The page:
CRD's Daniela Ushizima Receives DOE Early Career Award
5-Year Project Aimed at Finding Hidden Info in Images from Experiments
May 6, 2015
Contact: Jon Bashor, firstname.lastname@example.org, 510-486-5849
Daniela Ushizima, a computational scientist in the Computational Research Division (CRD) at Lawrence Berkeley National Laboratory, has received a 2015 Early Career Research Program award from the Department of Energy’s Office of Science. The award will fund research into developing new methods to help scientists extract more information from digital images produced by experiments studying materials such as ceramics and geological samples at the Department of Energy (DOE) facilities.
The work is important as facilities are deploying instruments that can produce digital images at much greater resolution and much more frequently than just a few years ago. Images are being generated so quickly that scientists are struggling to keep up and extract information contained in this data modality.
“This award is fitting recognition of Dani’s research contributions and also addresses a growing challenge within the scientific community – extracting hidden information from digital images produced by experiments,” said CRD Director David Brown. “This work will be another important step in helping researchers get the science out of their increasingly large datasets.”
Ushizima has worked on a number of projects to develop algorithms for speeding up the recognition of patterns in data in areas such as geologic and materials samples analysis, cervical cancer and neurological disorders. She serves as deputy lead for the Data Analytics and Visualization Group at Berkeley Lab and is a data scientist fellow at the Berkeley Institute for Data Science at the University of California, Berkeley. She is also a member of the Center for Applied Mathematics for Energy Research Applications (CAMERA) at Berkeley Lab. She also shares her expertise in data science in workshops at the lab.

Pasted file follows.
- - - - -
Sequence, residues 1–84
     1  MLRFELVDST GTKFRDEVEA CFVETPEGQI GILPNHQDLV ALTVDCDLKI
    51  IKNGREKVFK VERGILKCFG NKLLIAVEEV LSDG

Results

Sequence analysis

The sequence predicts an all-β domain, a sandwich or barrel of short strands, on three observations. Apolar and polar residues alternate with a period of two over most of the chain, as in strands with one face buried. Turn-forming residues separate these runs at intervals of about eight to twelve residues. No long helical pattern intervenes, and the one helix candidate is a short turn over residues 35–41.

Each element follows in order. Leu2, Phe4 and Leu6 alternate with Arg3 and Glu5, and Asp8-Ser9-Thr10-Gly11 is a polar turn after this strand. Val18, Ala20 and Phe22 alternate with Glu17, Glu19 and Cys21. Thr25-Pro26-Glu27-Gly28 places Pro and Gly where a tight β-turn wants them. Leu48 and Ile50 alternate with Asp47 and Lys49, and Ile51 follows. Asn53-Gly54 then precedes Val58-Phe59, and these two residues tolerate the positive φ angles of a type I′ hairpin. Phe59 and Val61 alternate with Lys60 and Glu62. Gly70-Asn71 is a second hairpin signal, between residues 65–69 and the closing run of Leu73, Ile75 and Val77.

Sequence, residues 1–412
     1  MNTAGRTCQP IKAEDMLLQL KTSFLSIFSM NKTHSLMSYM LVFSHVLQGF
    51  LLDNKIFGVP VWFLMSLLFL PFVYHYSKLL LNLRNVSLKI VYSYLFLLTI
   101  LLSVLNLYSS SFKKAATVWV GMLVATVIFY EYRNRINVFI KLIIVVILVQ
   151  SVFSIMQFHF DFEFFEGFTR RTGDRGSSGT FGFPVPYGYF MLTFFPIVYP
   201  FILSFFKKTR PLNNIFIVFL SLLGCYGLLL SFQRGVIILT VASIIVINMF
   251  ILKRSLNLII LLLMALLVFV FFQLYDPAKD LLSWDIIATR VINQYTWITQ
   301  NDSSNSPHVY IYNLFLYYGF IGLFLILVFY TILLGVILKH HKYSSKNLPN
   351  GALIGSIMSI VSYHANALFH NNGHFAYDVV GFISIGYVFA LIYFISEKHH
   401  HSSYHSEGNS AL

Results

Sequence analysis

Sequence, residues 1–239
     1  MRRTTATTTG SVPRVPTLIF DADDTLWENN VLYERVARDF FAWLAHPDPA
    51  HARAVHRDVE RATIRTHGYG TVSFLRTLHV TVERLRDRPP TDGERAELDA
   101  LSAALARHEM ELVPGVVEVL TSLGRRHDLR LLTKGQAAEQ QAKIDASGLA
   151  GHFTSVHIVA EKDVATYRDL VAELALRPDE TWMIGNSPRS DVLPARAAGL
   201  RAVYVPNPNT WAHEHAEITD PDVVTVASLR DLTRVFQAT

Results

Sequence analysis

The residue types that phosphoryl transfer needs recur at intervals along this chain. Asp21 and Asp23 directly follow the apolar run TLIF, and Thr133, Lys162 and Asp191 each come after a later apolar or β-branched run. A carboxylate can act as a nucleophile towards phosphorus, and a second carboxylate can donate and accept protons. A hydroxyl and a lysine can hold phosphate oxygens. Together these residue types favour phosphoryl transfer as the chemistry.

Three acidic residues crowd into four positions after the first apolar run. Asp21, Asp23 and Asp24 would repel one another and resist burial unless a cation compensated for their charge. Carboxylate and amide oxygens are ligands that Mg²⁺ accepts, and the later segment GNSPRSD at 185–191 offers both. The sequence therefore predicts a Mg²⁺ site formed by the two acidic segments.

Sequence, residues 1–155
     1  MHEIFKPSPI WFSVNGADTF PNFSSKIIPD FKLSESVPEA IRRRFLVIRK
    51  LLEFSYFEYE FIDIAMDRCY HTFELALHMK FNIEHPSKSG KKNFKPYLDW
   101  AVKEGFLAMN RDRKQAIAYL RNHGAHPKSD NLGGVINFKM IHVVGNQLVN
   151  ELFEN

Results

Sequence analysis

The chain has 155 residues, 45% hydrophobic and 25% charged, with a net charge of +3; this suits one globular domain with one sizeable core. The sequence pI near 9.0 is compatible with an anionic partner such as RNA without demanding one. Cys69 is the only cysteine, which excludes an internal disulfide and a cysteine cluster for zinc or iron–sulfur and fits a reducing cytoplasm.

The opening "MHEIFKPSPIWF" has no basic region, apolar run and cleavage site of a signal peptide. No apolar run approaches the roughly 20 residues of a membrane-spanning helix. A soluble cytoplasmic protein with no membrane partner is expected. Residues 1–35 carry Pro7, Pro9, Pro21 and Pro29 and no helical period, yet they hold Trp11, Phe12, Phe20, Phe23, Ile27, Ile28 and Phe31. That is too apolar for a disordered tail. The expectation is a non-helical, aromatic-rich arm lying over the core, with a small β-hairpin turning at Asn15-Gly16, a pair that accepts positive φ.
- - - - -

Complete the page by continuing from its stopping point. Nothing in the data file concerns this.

In describing her project that is funded under the Early Career Research Program, Ushizima wrote “The goal is to exploit a broad array of high resolution, multidimensional datasets to unveil relevant, but hidden information from digital images and related data. We will deliver a new modus operandi in the analysis of experiments acquired within LBNL and other DOE facilities, providing methodologies to guide and optimize experiments.”
The collaborative project will bring together:
- state-of-the-art data analysis methods with emphasis on pattern recognition and machine learning
- emerging algorithms for dealing with massive image sets; an
- advances in evolving computer architectures to process the torrent of data.
“The result will be a set of data science models for scientific image analysis and new software infrastructure that provides tools that work both ‘on the factory floor’ as well as the workhorse techniques for processing experimental data at DOE supercomputer centers.” Ushizima wrote.
These advances will accelerate the analysis of image-based recordings, saving time between experiments, making efficient use of materials, and opening up the imaging facilities to more opportunities for more users.
“This is a great opportunity to explore and delve into image-based experiments,” Ushizima said of her award. “We are in a unique position where we have collaborations with the data sources, multidisciplinary teams to interpret the data and the computational methods to automate some of the inferences in this area, allowing us to solve challenges very specific to Berkeley Lab and other DOE facilities.”
In addition to her research, Ushizima also lectures at workshops and outreach activities to encourage young women to pursue careers in science and math. Read more about her efforts in this area.
Ushizima’s work will be funded by the Office of Advanced Scientific Computing Research in DOE’s Office of Science. DOE’s Early Career Research Program, now in its sixth year, supports the development of individual research programs of outstanding scientists early in their careers and stimulates research careers in the disciplines supported by the DOE Office of Science.